Some Trippy Shit!

I didn't know they had bike messengers in Bogota, Colombia! In a freakin' Cinelli no less! Again the audio track has been disabled by youtube for some copyright b.s. so play this to another mashing song! Peace.

Alleycat in Amsterdam

Youtube disabled the audio track due to copyrights. Just open itunes and put on your favorite mashing song!

This Just In: Leave of Absence Announcement! (and Friday Fun Quiz!)

(The Lone Wolf recedes into the distance, as photographed by a reader.)

As another week draws to a close and we embark upon the Memorial Day weekend I am also embarking upon a short leave of absence, during which I will be attending to matters of personal life "curation" well beyond the purview of this blog. This leave will commence as of the end of this post, and it will continue until Monday, June 7th, at which point I will return with regular updates.

During my absence, I would humbly point out that you can always read my book, the obviously-titled "Bike Snob," which is available wherever fine books are sold. (They keep my book next to the fine books so they look even finer.) Otherwise, by way of blogular webular sites, there is always Cycling Inquisition, All Hail the Black Market, or, for the ultimate in bawdy and ribald cycling blogs, The Erotic Misadventures of Mario Cipollini. Also, if I have anything pressing to share in the meantime (such as the publication of a Universal Sports Giro blog or the latest news in my helper monkey Vito's ongoing battle with head lice), I may do so by means of my Twitter social networking account.

I look forward to returning to this blog on June 7th, as well as to meeting some of you at my Book-Related Appearances (or BRAs) in a few weeks' time.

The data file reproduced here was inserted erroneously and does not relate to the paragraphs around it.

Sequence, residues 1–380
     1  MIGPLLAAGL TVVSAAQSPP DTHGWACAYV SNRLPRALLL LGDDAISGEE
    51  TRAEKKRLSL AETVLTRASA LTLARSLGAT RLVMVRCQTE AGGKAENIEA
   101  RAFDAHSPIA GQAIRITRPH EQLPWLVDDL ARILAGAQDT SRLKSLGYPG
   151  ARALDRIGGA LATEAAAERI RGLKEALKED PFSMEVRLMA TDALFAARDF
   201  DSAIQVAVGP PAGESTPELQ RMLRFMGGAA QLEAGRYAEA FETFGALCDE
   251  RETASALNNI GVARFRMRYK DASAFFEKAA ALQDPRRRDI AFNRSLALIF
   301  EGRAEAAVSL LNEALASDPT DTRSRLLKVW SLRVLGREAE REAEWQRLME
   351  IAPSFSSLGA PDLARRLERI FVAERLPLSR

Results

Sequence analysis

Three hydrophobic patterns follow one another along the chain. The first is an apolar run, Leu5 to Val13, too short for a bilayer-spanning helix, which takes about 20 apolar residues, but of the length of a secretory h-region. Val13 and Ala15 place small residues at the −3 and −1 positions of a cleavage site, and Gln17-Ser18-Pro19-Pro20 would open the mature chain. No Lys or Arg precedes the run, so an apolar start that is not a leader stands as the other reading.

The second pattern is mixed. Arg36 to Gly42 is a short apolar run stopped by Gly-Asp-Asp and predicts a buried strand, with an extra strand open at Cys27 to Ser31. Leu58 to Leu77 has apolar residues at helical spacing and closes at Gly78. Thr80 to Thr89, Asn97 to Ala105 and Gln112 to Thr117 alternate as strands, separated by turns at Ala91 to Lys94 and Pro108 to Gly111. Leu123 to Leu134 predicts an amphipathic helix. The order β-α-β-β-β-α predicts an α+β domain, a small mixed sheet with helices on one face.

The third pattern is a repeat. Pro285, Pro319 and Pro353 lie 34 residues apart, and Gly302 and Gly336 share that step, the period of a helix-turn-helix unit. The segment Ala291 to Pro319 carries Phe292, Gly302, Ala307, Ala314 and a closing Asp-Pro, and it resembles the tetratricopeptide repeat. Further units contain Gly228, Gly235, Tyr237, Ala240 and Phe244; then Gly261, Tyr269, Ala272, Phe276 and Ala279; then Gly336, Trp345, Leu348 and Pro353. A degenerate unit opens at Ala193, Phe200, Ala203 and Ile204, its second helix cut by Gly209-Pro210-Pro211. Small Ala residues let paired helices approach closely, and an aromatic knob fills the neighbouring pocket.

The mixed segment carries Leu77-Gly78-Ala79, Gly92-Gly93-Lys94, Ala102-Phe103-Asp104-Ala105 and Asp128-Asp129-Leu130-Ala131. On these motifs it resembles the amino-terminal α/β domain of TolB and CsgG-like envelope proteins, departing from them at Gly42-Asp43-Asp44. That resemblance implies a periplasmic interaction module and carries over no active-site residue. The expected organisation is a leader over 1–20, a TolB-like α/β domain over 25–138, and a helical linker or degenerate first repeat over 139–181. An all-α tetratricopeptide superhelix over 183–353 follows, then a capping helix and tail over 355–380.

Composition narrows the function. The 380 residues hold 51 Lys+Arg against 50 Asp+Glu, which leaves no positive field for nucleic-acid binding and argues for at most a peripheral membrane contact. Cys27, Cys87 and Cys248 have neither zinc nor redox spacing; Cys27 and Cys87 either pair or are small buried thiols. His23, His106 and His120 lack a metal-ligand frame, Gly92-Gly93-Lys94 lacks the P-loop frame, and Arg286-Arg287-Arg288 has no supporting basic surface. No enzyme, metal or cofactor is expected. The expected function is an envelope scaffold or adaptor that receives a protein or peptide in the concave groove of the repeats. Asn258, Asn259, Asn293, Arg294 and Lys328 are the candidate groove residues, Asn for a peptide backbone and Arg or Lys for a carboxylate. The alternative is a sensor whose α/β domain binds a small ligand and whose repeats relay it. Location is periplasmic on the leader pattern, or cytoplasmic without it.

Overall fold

In the meantime, I'm pleased to present you with a short quiz. As always, study the item, think, and click on your answer. If you're right you'll know, and if you're wrong you'll see dangling keys and pretentious skidding.

Thanks very much for reading and ride safe. See you on June 7th.


1) Cockpits are Saddles 2.0.

2) In the recent bike messenger episode of "Judge Judy," who won: the plaintiff, or the defendant?

3) What's the best part of "training" indoors?

4) Where are you most likely to find a "human fingerbang?"

***Special "Hipster" Behavioral-Themed Bonus Question***

What are these "hipsters" doing?

Midnight Oil: How Can We Sleep When Our Beds Are Burning?

I'm as critical of "social networking" as anybody. At its best, though, it is at the heart of an emerging "mass consciousness," and it may even herald a new era in which "community" transcends geography. For example, as I make my way through the morass of humanity that is New York City, I can know at a glance what people in Portland are thinking. And when it comes to riding bicycles, you can bet dollars to Voodoo donuts that they are thinking about how great it is to live in Portland:

Well, isn't that nice? I hear you can also lick the lamp posts while you wait, and that they taste like peppermint sticks. I read this "Tweet" yesterday evening just after completing what is commonly known as a "reverse commute," meaning that I was riding into Manhattan while most people were riding out of it. In a sense, I was a commuting "salmon," and from this head-on vantage point I marveled at the determination and outright aggression with which many people rode. Indeed, it's almost inconceivable that such a "Tweet" could ever issue forth from the iPhone, BlackBerry, or other handheld device of a New Yorker. When I stop for people trying to cross the street, the horns start blaring, the guy on the brakeless fixed-gear runs into me, and the pedestrian looks at me like I'm a moron.

In any case, as I descended the Manhattan Bridge bike path, I marveled at the clumps of cyclists on the ascent, heads down and fighting for the imaginary KoM points on offer at the top of the span. Nü-Freds attacking in my lane looked me dead in the eye, daring me not to swerve and make way for them. This photo I took at the foot of the bridge should give you just some idea of how serious New York city commuting can be: